financial transactions, mainly cash withdrawals, that are not customary for
small food stores.
Suspicious Activity Reports were filed by numerous banks on food marts
where the only funds credited to accounts originated from food stamp
Electronic Benefit Transfer transactions. In some instances, these credits
were withdrawn from the account through structured cash withdrawals
shortly after being credited to the account.
A Suspicious Activity Report was filed on a cash-intensive food store that
processed large food stamp Electronic Benefit Transfer transactions. When
the food store business account was credited for the Electronic Benefit
Transfer activity, agents of the company conducted several structured cash
withdrawals from the account. The structuring was done by using different
bank branches and executing withdrawals just under $10,000.
A financial institution filed a Suspicious Activity Report on a food store for
possible Bank Secrecy Act/Structuring/Money Laundering violations. The
Suspicious Activity Report identified Electronic Benefit Transfer deposits
that were credited to the business’ account and then followed by cash withdrawals.
The withdrawals were usually conducted the day after Electronic
Benefit Transfer credits were posted to the account. In addition, checks
drawn on the business account were made payable to cash.
A Suspicious Activity Report identified a small food market receiving food
stamp electronic credits. After deposits were received, the filer noted a
pattern of suspicious withdrawals made by the storeowner. The storeowner
typically requested $1,000 to $5,000 withdrawals in new $100 bills.
Another Suspicious Activity Report identified a grocery store owner who
received Electronic Benefit Transfer funds for food stamp sales to his business
account. The Suspicious Activity Report reported structured check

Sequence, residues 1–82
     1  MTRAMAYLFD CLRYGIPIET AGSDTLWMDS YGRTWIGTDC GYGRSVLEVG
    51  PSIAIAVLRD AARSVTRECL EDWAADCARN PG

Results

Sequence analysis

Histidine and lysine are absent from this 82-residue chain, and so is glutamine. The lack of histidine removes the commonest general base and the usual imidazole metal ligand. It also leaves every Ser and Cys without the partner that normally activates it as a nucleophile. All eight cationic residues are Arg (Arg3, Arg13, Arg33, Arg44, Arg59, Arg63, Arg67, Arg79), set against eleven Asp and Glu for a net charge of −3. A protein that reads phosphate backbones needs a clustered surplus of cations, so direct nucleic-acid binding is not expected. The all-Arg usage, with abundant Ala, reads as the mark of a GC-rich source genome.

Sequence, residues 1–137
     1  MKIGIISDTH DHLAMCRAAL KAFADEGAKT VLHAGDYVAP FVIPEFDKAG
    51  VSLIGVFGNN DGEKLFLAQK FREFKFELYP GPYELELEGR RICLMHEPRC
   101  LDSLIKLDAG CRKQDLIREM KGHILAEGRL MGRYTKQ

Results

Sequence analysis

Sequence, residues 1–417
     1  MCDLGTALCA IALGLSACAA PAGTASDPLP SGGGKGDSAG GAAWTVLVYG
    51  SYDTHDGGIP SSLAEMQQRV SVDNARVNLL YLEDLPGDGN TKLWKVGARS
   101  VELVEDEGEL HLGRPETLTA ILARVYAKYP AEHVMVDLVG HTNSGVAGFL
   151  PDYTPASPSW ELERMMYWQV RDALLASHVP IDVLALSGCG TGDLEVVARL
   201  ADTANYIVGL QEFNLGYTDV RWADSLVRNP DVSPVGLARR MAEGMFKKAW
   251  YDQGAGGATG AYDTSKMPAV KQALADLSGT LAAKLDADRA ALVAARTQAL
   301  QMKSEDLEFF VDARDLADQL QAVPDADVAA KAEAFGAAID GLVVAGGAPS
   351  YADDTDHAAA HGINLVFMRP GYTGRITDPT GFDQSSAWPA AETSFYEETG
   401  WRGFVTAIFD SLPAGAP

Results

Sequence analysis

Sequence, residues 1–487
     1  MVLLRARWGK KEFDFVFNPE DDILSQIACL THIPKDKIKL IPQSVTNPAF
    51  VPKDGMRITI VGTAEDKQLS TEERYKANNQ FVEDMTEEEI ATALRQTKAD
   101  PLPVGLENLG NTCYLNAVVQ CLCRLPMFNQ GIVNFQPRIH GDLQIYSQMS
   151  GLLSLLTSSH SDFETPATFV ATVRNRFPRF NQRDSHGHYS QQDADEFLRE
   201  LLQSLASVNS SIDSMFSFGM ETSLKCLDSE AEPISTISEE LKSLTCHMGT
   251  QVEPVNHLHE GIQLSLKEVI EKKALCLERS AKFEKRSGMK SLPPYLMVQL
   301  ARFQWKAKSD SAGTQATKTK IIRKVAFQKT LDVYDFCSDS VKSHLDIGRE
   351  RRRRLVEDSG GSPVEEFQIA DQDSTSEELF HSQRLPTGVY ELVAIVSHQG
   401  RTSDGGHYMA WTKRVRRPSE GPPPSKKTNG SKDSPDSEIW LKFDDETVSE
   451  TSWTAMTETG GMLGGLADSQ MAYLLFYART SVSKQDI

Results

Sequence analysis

cashing that was under federal reporting threshold requirements. The filer
noted that the store cashed a large volume of checks. The owner brought
those cashed checks to his bank and exchanged them for cash (possibly
utilizing third-party endorsement of the instruments).
A Suspicious Activity Report was filed on a cash intensive business that
received numerous food stamp electronic benefit transfers. On a daily basis,
agents and associates of the business withdrew funds and cashed checks for
just under $10,000 at the business. Some of the checks were made payable to
“cash” while others were made payable to unrelated third parties.
As noted above, the bulk of activity involving the Food Stamp Program offers a
valuable service for the low-income segment of the population. Moreover, the food
and grocery industry has taken a firm stand against all such crimes that abuse the
food sales industry. A review by FinCEN of the Suspicious Activity Reports filed by
financial institutions indicated several vulnerabilities of the Electronic Benefit
Transfer program that may be indicators of abuse of the Food Stamp Program.
14 Some information appearing in this section was prepared and submitted by the United States
Department of Agriculture
15 Before the advent of Electronic Benefit Transfer transactions, the Food Stamp Program was administered with
engraved paper coupons that were deposited into the authorized retailers’ bank accounts. Currently, 96% of the
program is being issued through the use of Electronic Benefit Transfer transactions. Please refer to the Food and
Nutrition Service website: at http://www.fns.usda.gov/fsp/ebt/ and http://www.fns.usda.gov/fsp/ebt/
state_ebt_websites.htm for additional information on the United States Food Stamp Program.
16 Macaluso, Theodore. The Extent of Trafficking in the Food Stamp Program. Alexandria, VA: Food and
Nutrition Service, 2003.
Excerpted from SAR Activity Review Issue 7, page 9